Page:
Also, I cannot understand a state such as Florida tolerating animals being shipped or brought here for such a purpose.

Please do what you can to stop this inhumane killing of animals who cannot think or speak for themselves.

Erin L. Robinson, New Port Richey

Dan Quayle

I find the controversy surrounding the competence of Dan Quayle to be president a most fascinating subject. It seems to me that we have been over this ground many times before regarding the ability of those who run for all public offices. So far, no one has been able to explain to my satisfaction what constitutes an accurate measuring device regarding the necessary qualifications.

Looking back through history, it appears that many candidates for office had their talents denigrated in their own time, only to be lionized by the history books. As one who is neither a supporter nor a detractor of Vice President Quayle, I suggest that his critics look back at Presidents Lincoln and Truman and read some of the unflattering things said about them when first they attained their high office. Either the passage of time has been kinder to them than they deserve or their critics were way off base.

Roy Johnston, Port Richey

Re: Quayle bashing.

How soon we forget! Remember when Vice President Bush was called a "wimp"?

Harry Harper, Clearwater

Quayle as president, or "What, me worry?" C'mon people, think. We voted in the Bush-Quayle ticket and now 2{ or so years later we are questioning the qualifications of our vice president? Let's wake up and let us, the people, accept responsibility for our, the people's actions. So Quayle is scripted, so was President Reagan. So he's inept at times. So was President Reagan. These seem to be, well, qualifications for the job of president, at least as mandated by we the people. Maybe, just maybe, the problem isn't Dan Quayle's.

David Miller, St. Petersburg

With the specter of Dan Quayle hanging over my head, I pray most fervently for President Bush's full recovery.

John D. Woodward, Largo

A "new national priority'?

Attorneys everywhere must be rejoicing over your Making a case to punish incest article, April 28. It promotes a new dimension in reality, limitation statutes and legal awards by encouraging "the 10 to 40 percent of American women (who) were sexually abused as children" to come forward. Counting the average number of children per family, men who were abused (they count), many extended families with stepchildren, disgruntled ex-spouses, and three or four generations surviving today, absolutely no family will escape litigation. Congratulations, the Times has set a new national priority on the destruction of many innocent people while attorneys take it to the bank.

Mel Harles, St. Petersburg

The Times article by Stephen Nohlgren, while perhaps well intended, has placed many innocent parents in severe jeopardy _ especially successful parents with less successful children who have denied them carte blanche financing into their adult years. The Times article states: "Why am I making this up in my head?" I think we know the reason in some cases. As the article said, "Defendants usually don't relish a fight and settle out of court." What a sure-fire way to tap a successful parent for a hundred grand. Even the innocent would rather pay than face the embarrassment and humiliation of being accused of something so dastardly. Your article has certainly given many unsuccessful offspring the license to invent.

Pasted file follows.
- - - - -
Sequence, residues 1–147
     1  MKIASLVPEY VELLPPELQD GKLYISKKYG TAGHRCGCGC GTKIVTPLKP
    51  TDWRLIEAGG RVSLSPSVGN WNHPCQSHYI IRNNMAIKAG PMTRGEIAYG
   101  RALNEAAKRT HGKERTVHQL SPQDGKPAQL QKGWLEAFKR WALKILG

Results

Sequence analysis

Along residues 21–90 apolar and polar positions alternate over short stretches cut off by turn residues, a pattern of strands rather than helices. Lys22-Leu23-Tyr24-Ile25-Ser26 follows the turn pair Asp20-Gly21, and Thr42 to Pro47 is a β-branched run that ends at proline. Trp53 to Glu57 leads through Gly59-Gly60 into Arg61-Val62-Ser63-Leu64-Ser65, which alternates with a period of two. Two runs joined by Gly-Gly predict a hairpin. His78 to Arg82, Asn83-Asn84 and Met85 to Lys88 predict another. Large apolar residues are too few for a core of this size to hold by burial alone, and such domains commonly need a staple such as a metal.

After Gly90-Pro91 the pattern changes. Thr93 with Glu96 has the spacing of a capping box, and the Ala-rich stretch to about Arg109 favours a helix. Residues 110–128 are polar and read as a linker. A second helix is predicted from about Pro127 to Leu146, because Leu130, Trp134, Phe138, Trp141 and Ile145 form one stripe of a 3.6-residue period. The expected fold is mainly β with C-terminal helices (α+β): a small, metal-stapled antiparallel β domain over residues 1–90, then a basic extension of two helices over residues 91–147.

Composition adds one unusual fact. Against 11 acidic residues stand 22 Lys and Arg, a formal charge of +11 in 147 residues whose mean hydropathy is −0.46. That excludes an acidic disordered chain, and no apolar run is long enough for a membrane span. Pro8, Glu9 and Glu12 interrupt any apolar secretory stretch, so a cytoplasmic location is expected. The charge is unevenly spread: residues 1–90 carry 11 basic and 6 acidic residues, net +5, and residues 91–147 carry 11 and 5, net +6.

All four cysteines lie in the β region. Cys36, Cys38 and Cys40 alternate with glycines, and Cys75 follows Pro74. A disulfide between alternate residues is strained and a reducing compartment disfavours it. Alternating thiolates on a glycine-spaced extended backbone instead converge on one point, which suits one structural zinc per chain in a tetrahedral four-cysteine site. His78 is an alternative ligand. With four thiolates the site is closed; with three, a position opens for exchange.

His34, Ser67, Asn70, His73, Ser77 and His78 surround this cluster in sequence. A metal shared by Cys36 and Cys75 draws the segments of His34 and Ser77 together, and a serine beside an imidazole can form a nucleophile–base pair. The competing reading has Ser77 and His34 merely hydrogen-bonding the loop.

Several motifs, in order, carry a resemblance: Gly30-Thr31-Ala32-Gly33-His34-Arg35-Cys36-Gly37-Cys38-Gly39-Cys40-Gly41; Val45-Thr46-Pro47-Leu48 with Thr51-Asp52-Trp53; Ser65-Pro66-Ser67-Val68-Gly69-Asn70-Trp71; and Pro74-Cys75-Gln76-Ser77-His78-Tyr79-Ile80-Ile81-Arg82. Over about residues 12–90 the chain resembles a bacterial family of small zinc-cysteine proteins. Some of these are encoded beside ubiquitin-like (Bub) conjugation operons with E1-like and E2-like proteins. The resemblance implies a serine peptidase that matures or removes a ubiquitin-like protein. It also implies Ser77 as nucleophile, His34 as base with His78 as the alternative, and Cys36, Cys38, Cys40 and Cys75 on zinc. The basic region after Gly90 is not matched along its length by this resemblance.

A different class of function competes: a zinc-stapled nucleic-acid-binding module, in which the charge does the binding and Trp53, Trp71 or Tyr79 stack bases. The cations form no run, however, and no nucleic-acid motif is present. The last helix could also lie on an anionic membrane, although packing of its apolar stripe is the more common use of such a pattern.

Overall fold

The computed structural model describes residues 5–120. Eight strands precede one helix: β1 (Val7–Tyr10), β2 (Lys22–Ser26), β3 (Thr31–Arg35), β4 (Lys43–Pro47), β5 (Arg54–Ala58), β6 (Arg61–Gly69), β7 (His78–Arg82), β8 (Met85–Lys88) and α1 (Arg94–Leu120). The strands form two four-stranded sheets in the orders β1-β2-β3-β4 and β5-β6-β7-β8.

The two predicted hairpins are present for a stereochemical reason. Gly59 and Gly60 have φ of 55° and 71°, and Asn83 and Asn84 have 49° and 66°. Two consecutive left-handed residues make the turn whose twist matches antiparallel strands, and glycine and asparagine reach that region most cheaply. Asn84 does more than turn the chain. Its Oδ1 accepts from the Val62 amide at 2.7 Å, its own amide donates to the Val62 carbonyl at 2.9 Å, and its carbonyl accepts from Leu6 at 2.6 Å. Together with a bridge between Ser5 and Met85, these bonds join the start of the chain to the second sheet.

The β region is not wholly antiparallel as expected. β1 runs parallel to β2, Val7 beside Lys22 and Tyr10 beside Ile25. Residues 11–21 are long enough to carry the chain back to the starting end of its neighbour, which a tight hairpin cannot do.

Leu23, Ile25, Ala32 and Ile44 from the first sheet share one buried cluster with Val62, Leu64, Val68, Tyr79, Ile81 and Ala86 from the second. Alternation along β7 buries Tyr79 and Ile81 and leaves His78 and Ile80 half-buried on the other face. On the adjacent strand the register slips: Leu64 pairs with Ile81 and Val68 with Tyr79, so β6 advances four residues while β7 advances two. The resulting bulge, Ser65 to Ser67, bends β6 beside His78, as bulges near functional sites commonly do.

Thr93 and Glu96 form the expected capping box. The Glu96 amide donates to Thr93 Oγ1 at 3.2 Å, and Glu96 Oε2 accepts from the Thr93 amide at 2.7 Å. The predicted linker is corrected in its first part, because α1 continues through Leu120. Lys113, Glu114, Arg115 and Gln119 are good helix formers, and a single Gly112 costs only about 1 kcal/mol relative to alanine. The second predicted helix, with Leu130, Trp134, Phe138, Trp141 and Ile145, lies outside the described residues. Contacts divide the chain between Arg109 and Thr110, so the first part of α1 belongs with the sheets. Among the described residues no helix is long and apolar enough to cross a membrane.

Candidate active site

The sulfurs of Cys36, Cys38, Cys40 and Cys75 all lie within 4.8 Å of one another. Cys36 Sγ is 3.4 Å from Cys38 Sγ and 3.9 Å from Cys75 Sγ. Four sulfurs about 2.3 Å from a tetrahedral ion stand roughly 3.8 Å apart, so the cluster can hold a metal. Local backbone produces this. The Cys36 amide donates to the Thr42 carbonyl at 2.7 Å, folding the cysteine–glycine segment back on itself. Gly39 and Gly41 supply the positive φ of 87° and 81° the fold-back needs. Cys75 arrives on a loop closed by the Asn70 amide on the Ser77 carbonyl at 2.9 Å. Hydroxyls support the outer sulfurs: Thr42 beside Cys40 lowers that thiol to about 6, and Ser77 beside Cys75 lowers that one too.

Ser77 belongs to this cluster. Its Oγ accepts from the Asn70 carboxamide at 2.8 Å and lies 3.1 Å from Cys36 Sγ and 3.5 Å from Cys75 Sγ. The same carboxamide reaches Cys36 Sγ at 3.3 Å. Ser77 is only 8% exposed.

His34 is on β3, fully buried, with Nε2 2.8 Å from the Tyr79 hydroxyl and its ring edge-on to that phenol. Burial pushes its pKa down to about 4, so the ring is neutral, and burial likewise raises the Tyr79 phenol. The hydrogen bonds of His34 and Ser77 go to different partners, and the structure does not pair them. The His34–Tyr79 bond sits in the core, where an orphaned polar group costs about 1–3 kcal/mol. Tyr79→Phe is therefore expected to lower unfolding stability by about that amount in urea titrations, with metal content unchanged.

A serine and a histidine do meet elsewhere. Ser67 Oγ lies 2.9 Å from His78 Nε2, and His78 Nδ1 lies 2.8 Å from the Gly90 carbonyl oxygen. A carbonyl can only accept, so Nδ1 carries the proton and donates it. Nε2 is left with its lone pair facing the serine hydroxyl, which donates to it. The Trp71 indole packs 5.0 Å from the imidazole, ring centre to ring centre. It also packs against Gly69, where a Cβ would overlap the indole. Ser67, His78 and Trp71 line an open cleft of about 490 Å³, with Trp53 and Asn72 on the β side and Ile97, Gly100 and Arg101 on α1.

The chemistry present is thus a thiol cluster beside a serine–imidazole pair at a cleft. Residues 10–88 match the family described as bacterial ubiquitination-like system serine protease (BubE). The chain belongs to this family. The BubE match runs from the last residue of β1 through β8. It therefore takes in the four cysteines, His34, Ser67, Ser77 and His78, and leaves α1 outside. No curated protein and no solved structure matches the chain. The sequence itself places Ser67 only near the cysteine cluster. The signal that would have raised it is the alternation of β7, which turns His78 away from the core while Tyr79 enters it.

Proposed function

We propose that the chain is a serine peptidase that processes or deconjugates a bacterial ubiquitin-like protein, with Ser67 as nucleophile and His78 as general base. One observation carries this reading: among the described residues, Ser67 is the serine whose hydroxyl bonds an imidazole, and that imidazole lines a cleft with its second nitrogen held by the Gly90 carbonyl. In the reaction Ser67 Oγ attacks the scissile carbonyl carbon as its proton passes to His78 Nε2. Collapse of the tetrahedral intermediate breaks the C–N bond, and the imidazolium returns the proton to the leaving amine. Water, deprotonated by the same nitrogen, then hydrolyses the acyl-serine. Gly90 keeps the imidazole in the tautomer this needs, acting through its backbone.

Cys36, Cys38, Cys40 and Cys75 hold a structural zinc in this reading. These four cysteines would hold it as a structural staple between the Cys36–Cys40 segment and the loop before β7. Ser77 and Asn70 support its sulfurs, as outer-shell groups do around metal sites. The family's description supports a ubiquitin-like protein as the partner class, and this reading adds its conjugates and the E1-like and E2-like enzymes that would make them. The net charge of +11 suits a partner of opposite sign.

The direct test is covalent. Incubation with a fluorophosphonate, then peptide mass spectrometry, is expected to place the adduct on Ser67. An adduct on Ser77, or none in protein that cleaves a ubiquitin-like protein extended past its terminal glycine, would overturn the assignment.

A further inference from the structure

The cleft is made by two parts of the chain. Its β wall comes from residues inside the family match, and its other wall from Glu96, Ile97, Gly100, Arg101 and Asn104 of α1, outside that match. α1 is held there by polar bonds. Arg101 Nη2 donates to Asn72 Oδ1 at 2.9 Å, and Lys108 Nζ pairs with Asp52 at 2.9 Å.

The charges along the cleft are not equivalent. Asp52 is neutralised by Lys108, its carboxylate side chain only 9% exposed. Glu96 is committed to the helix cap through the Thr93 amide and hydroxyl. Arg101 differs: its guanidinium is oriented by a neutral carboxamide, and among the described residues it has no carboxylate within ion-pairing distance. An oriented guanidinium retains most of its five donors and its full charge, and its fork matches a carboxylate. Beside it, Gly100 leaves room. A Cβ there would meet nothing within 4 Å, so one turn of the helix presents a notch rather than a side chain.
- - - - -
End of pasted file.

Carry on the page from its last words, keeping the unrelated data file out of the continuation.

Robert Stevens, Clearwater

Danger outweighs benefits

I recently read an article concerning Sea World's desire to bring in some very poisonous snakes for the park.

Why? This is one of the most absurd ideas I have heard, with all the water in Florida and the even remote possibility they could escape. I would hope the Legislature will continue to have the good sense to prevent this from happening. Even with all the "security" available there will be someone who is smart enough to get around the regulations and get them in some local "show and tell" tourist trap where the regulations and security are not so strict. The danger far outweighs the benefits of education. If someone wants to learn about these snakes let them go to the library and read about them. National Geographic probably even has some beautiful color pictures.

R. Robinson, Oldsmar

A "ridiculous' idea

Regarding the article in the April 26 St. Petersburg Times about a national sales tax _ get real!

If taxpayers were willing to give it their wholehearted support, as the letter writer claims, they would not still have to be trying to get it passed after more than 10 years _ which proves how ridiculous an idea it always was, and always will be.

William Nee, St. Petersburg

Re: From bad to worse.

Your April 28 editorial on Florida's ridiculously regressive tax structure ends with the question, "When will modern Florida take charge of its own destiny?"

Your question is more truthfully stated as "When will the poor and middle classes overcome the taxing power of the wealthy elite?"

The answer to that question is very simple. It is: "Ha-ha-ha!"

Bud Tritschler, Clearwater

No dilemma

Re: Fetal tissue dilemma.

I see no dilemma at all. Do you know what is done when a fetus is aborted whether natural or otherwise? It is incinerated. Do you believe that this is better than improving the quality of life for a person who can benefit from fetal tissue? Is the body of someone who has just died desecrated because we may use his/her heart, kidneys, corneas, lungs to save or improve another's life? No. With all the naturally aborted tissue available the argument that a woman would become pregnant to sell fetal tissue is just plain nonsense.

Joseph H. Lerman, New Port Richey